STAFF working at Glasgow’s Botanic Gardens have raised concern about the increase in large-scale public events in one of the city’s most heavily protected parks.

In recent years the West End park has hosted a major dinosaur show and successive GlasGLOW Halloween light displays, organised by Itison, who were responsible for the heavily-criticised Elfingrove event at Kelvingrove Art Gallery.

According to sources there is a “rich vein of disaffection” amongst workers at the Botanic Gardens about the environmental impact of events in a park that houses rare and endangered plants and trees.

Glasgow Times:

The council say there is a balance to be struck between protecting the city’s public parks, and hosting events that “add to the cultural fabric of the city” and has dismissed accusations it is “privatising public spaces.”

Event organisers are also, now required to pay a parks levy, which brings in revenue for the council.

Read more: Secret emails reveal the truth about Elfingrove fiasco

A parks source said: “There is a rich vein of disaffection amongst the higher-minded staff of Glasgow Botanics, who are none too happy that the site, which is basically a living museum, is now a regular home to animatronic dinosaurs battering their tails off rare trees, and heavy lorries churning up ground, damaging drains etc.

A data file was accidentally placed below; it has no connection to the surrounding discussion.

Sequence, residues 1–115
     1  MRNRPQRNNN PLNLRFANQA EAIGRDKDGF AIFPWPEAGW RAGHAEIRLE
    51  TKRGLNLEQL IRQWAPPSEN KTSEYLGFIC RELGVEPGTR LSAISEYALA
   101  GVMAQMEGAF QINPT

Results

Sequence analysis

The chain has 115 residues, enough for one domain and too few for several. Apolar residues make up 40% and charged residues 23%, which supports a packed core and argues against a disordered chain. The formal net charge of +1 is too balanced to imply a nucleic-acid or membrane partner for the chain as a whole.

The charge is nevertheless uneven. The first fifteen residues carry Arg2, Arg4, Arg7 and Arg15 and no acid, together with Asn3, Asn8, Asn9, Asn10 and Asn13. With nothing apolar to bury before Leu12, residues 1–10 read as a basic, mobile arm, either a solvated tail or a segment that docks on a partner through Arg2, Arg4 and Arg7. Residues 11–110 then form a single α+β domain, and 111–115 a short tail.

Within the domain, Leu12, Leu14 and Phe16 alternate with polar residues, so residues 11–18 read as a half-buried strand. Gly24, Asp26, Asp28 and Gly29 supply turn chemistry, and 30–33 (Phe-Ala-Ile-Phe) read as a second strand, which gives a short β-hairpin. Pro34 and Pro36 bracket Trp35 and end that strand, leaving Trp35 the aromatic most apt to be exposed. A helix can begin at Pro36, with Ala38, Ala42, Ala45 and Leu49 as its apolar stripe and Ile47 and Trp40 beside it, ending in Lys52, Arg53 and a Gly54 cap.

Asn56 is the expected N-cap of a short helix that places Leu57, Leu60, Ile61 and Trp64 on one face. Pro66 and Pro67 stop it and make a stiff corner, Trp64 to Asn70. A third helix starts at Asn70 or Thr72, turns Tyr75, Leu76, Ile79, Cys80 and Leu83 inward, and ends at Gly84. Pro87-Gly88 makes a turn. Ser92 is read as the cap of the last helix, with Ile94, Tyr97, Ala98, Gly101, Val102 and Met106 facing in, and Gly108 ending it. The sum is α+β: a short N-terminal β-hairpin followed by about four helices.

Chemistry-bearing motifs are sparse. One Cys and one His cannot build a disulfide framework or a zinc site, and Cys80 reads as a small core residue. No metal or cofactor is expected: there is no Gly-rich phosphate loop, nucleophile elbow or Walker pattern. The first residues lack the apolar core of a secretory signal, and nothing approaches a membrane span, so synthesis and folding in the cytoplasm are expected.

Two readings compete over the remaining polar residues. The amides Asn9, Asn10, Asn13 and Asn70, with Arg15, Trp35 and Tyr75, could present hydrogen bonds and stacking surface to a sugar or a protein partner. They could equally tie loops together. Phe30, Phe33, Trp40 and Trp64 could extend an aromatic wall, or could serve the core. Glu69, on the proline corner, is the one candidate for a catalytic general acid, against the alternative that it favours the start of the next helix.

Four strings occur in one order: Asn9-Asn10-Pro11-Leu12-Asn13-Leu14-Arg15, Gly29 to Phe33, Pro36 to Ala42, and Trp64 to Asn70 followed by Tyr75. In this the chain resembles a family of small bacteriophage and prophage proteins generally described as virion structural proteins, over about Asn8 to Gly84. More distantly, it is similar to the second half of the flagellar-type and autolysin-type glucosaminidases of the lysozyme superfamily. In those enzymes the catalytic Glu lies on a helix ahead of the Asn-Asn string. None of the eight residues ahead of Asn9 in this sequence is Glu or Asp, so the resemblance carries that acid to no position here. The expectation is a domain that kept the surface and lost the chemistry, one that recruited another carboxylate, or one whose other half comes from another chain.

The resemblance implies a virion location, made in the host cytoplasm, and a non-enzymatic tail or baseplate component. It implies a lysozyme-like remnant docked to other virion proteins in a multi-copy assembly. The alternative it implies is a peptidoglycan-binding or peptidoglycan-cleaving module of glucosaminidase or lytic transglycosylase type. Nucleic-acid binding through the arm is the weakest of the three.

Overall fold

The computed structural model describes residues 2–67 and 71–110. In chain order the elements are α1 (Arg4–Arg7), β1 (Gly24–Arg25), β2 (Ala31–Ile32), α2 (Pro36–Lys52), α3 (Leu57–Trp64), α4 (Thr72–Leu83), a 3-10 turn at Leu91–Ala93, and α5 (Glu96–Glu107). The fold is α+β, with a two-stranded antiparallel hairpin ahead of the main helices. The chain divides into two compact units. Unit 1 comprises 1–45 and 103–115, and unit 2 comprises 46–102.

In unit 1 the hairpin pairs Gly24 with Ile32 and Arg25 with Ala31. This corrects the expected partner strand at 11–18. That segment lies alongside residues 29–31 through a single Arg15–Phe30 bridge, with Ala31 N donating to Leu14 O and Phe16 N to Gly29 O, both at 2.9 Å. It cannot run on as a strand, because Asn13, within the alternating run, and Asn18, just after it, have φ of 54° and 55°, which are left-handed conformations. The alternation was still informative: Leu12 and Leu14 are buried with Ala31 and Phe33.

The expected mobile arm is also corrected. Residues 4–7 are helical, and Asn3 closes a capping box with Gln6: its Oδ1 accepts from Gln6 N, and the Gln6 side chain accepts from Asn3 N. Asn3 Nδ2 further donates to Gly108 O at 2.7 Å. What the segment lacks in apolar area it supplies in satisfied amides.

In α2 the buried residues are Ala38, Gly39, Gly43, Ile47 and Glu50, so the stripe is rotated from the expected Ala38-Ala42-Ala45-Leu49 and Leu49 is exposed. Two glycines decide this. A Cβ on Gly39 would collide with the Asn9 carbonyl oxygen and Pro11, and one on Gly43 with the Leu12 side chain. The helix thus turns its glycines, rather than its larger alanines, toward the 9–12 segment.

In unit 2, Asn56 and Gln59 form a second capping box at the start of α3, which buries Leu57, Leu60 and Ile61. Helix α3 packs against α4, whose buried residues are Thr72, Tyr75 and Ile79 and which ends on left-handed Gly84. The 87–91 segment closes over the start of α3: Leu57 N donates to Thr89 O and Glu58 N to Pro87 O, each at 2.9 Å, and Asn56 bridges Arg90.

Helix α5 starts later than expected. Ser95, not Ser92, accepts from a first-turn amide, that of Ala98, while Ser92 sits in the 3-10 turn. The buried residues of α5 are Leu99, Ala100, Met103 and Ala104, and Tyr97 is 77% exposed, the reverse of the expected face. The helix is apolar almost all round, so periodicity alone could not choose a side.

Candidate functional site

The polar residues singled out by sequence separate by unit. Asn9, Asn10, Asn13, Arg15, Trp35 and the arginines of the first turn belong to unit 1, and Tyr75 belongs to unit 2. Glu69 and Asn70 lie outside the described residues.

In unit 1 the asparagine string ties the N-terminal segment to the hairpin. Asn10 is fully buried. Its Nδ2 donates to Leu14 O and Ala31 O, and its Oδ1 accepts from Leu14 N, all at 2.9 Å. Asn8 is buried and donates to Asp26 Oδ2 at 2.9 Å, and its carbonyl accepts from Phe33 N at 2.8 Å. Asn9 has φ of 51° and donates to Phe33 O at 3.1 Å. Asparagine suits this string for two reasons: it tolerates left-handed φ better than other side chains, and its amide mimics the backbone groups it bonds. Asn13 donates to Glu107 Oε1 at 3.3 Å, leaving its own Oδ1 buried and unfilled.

“Particularly, as Glasgow has some other parks that could cope much better, albeit less atmospherically.”

Glasgow Times:

The organisers of the TRSNMT festival, DF Concerts, have faced criticism for the environmental impact on hosting a a major rock festival on Glasgow Green.

The Glasgow Times told how Itison were hit with major restrictions before being given the green light to host the Elfingrove event at Kelvingrove Museum including a ban on Pyro, gas or chemicals including dry ice and helium or flaring or flashing lights.

Glasgow Times:

The resulting event was heavily criticised by ticket holders who said it was little more than a tour round Kelvingrove with the lights out.

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A council spokesman said: “Events staged in our parks are hugely popular and add greatly to the cultural life of the city.

“Event organisers routinely approach us with a range of proposals for our parks and these proposals are always looked at on their own individual merits.

“In conjunction with the licensing process, we work closely with organisers to ensure events are well-managed and that any issues that may arise are dealt with appropriately.

“The larger events recently held within the Botanic Gardens, such as GlasGLOW have been family focused and have helped to encourage people into the park at otherwise quiet times of the year.

“As shown by the introduction of the environmental levy, we always seek to strike an appropriate balance between parks hosting large, commercial events and generating income that can support our green spaces for wider public benefit.”